Did you promise to spend more quality time with your kids this year? If so, one way is to hold a Family Game Night, which also can teach kids valuable lessons about math, critical thinking and sportsmanship.
While Scrabble fosters literacy skills, games like Monopoly teach about cash flow and trade.
And most board games teach and reinforce important skills such as following directions, cooperation, taking turns and teamwork, according to the Colorado State University Cooperative Extension’s Web site.
In last month’s Harris Elementary School newsletter, principal Becky Henderson suggested playing Chutes and Ladders with children as a way to connect and communicate. As less competitive games, Chutes and Ladders and Candyland are good choices for children who get anxious about losing, said the newsletter from Harris, a Gilbert Unified School District school in Mesa.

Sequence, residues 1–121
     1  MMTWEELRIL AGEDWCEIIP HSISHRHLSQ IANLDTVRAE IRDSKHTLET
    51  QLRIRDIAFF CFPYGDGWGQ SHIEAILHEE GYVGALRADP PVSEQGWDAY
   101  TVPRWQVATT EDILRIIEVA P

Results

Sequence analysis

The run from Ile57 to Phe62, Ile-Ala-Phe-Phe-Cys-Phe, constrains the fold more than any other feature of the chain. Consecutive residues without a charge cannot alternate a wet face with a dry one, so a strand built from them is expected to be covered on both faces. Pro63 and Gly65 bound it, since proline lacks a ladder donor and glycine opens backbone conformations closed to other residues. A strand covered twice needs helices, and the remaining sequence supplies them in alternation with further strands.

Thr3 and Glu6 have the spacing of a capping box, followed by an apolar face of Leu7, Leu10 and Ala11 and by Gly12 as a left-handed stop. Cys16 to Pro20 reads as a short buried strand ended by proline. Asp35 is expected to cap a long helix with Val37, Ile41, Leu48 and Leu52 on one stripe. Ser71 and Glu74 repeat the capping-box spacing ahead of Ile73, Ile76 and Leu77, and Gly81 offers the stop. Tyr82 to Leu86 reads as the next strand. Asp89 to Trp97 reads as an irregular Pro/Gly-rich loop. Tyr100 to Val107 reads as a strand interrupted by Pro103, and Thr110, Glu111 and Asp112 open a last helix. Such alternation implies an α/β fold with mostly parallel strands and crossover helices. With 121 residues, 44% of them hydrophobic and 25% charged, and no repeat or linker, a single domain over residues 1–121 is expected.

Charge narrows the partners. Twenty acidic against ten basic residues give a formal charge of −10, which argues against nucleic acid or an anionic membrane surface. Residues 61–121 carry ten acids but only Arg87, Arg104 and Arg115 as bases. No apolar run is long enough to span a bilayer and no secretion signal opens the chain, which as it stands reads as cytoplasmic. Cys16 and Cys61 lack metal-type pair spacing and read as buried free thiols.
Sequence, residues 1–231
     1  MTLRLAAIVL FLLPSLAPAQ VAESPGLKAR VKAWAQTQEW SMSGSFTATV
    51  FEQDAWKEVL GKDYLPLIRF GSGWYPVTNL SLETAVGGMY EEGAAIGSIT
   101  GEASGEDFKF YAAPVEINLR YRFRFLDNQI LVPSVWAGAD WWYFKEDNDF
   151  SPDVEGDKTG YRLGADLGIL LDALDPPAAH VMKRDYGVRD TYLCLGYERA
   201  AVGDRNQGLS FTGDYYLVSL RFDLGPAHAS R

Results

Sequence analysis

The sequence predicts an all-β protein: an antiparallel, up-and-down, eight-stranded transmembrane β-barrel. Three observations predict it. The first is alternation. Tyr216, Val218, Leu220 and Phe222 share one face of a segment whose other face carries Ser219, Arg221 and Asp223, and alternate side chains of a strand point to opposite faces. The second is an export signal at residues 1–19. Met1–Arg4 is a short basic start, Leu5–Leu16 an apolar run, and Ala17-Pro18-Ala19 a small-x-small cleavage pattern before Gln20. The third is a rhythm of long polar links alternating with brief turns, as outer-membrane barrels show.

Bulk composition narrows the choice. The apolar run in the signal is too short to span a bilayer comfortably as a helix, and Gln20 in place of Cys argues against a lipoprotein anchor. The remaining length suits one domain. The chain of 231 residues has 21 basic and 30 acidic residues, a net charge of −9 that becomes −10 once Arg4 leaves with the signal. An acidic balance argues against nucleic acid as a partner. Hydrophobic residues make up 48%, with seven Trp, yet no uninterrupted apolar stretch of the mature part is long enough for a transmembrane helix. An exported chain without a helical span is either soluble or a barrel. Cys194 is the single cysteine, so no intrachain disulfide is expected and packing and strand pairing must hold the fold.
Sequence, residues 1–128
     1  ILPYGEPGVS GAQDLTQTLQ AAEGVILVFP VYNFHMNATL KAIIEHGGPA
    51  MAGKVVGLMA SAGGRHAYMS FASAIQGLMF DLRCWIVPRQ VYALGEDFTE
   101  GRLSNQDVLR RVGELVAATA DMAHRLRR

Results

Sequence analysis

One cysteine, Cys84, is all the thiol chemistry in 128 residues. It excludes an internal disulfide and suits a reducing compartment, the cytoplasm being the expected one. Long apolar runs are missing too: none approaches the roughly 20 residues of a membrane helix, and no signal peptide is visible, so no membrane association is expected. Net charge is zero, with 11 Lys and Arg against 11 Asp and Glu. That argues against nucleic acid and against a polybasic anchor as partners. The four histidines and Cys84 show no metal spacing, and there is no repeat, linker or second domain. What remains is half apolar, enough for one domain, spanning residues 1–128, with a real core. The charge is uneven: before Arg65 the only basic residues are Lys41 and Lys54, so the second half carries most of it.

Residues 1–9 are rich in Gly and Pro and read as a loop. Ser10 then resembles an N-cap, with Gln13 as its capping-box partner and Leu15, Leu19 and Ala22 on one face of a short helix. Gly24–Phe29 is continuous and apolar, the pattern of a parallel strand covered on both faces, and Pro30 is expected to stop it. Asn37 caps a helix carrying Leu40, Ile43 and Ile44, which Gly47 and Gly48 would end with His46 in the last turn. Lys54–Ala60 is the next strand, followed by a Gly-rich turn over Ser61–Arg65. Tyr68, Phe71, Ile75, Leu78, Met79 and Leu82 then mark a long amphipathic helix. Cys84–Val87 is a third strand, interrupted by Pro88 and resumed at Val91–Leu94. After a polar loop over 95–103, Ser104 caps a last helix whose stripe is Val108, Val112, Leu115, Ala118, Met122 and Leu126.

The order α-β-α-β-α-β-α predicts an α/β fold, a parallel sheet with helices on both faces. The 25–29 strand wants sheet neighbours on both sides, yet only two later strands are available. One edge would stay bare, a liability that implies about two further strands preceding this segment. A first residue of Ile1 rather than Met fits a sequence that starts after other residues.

Shalee and Rex Christensen of Gilbert spend family time playing both board and card games with their five children.
“My 5-year-old loves Memory... we like that one a lot and it teaches her memory skills,” Shalee Christensen said. “And all the games teach the kids life skills, like you can’t win every time, you take your wins and your losses.”
Christensen also likes Scattergories because it encourages quick thinking and helps her younger children with the alphabet. But their favorite game is the Disney Scene It Family Trivia Game, which is a combination of a DVD and board game.
Educational skills taught by games
Yahtzee: math skills, such as counting, totaling and record-keeping. Scrabble: vocabulary and spelling skills Sorry: counting, colors and strategy Clue: memory, deductive reasoning, counting and record-keeping
Monopoly and The Game of Life: problem-solving, strategy, negotiation and money skills Jenga: eye-hand coordination, observation and concentration Payday: math and money management skills
Source: Colorado State University Cooperative Extension